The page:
Tuesday, January 27, 2009

A day at the Beauty Store...

De's post reminds me of an experience I had at a popular beauty store.

I went to this shop with my aunty to pick out foundation and other makeup products for her to use on her son's wedding. We went to seek the advice of a beauty consultant (I use that term loosely) as to what shade and foundation type would work best for her. Much to my surprise as I was browsing the house brand, there were absolutely NO shades that would suit "women of color." Now I don't mean they didn't have Sable (usually the deepest of colors) but they didn't even have a shade that would work for a lighter skin women of color. They completely ignored us! They only carried five shades that ranged from the lightest of skintones to that of the light olive complected.

I began to question my beauty consultant as to why there were absolutely NO shades that would suit us. After all, I was in a western Chicago suburb, with a sizable South Asian/Asian market base. Wouldn't it be smart to cater to a noticeable ethnic population?

The consultant seemed really apologetic but then focused our attention to the pricier studio lines of makeup. She immediately reached for the darkest shade in that line, tested it on my aunt's face, and seemed satisfied with the results. Now my aunty is not the darkest complected woman, but something irked me about the lady not even trying out different shades. Us brown girls know that even the subtlest variances in skintone and undertone make the difference for our makeup. We aren't a one-shade- fits-all kind of people.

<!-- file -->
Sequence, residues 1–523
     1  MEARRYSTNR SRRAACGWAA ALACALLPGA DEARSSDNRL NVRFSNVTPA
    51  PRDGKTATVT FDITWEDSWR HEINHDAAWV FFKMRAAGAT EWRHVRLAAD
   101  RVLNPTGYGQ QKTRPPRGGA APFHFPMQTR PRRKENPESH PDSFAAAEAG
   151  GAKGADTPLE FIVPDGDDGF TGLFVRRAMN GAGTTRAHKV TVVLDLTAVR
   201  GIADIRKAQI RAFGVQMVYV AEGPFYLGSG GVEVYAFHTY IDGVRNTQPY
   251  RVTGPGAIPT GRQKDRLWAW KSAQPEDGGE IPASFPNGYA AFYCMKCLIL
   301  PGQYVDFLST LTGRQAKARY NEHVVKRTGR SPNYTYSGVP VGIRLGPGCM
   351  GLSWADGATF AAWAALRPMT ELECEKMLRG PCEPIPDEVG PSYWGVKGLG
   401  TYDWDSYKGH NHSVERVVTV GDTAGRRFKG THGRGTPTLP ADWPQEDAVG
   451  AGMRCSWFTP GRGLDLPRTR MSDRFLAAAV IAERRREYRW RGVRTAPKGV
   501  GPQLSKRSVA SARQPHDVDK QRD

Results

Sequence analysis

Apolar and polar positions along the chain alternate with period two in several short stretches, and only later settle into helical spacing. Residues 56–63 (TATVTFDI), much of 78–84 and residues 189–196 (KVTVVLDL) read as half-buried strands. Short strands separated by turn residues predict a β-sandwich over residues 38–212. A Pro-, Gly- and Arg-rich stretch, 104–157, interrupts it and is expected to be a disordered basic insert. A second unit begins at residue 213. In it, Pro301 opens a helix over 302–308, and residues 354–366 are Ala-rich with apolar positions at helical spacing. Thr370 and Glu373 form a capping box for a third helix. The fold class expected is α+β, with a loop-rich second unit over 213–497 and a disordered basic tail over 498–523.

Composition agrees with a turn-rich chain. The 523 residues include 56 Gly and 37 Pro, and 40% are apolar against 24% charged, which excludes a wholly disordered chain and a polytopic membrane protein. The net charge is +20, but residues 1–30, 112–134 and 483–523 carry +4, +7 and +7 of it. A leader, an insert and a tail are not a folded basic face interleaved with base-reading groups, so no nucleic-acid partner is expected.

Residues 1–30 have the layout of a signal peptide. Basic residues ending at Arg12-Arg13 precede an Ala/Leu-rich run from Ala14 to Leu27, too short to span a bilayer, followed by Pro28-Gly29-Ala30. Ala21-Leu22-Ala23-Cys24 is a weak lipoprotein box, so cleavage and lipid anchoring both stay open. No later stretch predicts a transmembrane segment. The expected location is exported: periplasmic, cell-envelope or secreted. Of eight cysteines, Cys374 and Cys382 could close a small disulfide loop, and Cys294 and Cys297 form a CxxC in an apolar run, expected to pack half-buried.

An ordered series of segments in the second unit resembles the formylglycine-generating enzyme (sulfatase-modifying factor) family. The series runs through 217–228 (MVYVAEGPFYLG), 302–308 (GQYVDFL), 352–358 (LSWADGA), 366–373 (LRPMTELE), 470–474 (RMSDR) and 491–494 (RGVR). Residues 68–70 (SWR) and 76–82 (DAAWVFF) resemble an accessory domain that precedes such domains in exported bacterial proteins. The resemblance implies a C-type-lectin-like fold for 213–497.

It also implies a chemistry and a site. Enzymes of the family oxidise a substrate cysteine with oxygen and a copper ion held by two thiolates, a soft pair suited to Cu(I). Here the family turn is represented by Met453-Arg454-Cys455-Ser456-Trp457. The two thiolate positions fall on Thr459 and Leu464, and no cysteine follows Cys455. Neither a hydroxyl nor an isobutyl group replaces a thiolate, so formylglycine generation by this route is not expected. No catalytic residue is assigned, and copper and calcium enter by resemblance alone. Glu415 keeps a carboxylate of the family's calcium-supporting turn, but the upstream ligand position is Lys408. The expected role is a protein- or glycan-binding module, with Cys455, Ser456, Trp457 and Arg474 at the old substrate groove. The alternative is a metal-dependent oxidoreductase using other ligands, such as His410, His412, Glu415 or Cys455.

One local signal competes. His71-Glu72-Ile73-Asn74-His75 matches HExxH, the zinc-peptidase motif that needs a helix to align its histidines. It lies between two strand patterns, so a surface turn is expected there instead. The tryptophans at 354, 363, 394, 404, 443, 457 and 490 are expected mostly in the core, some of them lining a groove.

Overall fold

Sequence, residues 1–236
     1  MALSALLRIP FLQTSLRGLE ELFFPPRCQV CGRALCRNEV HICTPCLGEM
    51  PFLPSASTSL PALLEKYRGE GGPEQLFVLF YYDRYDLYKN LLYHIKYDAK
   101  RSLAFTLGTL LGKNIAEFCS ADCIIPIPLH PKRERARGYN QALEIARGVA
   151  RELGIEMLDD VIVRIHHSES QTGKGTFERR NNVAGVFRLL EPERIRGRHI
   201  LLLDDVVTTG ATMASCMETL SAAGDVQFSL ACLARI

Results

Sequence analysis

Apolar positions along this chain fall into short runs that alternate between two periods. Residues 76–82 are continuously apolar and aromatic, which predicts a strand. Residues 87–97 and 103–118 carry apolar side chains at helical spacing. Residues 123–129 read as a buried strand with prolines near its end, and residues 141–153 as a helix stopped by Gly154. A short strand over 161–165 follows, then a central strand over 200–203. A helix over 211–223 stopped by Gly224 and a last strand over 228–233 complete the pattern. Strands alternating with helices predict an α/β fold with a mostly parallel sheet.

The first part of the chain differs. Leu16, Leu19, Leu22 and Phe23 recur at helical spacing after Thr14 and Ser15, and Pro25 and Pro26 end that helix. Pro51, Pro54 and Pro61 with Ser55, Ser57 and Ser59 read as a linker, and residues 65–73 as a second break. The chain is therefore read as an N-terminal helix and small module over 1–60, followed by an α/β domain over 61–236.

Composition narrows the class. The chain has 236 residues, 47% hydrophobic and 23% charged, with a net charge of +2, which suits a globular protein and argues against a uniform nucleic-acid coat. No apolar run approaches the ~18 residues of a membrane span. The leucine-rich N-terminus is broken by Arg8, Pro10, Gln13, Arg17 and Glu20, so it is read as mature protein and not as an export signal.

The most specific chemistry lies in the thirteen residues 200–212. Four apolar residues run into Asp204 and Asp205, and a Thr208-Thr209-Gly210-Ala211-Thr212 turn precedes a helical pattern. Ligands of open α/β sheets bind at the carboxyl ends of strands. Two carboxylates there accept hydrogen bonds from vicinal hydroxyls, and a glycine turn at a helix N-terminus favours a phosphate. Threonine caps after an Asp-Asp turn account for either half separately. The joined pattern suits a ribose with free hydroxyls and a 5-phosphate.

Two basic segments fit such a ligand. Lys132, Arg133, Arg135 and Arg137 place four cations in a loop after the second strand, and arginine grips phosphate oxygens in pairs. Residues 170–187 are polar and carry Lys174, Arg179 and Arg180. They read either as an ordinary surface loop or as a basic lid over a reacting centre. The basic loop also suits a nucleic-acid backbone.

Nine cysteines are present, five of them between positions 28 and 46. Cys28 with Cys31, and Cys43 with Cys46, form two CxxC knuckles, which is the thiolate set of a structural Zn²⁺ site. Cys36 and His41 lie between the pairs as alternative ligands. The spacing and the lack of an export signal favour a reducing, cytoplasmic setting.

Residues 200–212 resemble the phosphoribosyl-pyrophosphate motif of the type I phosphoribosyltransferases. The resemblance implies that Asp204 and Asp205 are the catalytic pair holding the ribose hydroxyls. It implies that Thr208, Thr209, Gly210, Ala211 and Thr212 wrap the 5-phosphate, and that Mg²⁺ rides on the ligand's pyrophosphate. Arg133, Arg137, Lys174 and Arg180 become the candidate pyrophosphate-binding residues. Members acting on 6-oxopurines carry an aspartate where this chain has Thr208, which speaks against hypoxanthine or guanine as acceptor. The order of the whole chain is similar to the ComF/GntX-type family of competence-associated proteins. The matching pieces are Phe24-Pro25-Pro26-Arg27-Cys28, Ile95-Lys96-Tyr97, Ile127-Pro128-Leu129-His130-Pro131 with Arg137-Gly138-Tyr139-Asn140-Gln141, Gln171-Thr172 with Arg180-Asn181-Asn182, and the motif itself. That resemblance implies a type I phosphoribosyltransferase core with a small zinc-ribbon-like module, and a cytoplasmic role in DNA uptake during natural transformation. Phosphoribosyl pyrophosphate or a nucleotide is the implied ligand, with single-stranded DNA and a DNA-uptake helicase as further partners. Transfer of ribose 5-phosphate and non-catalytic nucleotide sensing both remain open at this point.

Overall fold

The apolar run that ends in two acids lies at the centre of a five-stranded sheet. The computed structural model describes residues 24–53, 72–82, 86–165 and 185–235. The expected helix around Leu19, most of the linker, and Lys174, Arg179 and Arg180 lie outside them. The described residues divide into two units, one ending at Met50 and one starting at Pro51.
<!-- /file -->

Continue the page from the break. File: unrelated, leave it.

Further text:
Since we were convinced that this specific line was the only one that had foundation that worked for her, my aunty purchased it.

The day of the wedding comes along and to her horror, my aunt discovers that the foundation was actually too dark. In the store light, the makeup didn't look bad...just a bit makeup-y if you know what I mean. But in the natural light, the makeup did not suit her at all.

I got so discouraged and angered by this. You have a beauty consultation and spend the extra money to buy quality makeup. It's discouraging because it seems like the more pigment you have in your skin, the more limited your makeup selection is. The mainstream brands can't even get it right!

Another experience reaffirms this. Clinique, for example, hires really bad staff or just has truly shiteous products for deeper skinned gals. My mom went into the department store to buy face-powder from the line. She comes home with the deepest shade that had a reddish-undertone...It looked awful on my mom's skin! My mom is bit of a novice when it comes to beauty products so she did not really question the Clinique consultant.

Either these brands invest in shades that suit a whole spectrum of skintones or remain mainstream and cater to women with lighter skin (who supposedly make up 80% of population, according to makeup brands). In the mean time, this is why makeup designed for "women of color" must clearly designate that.


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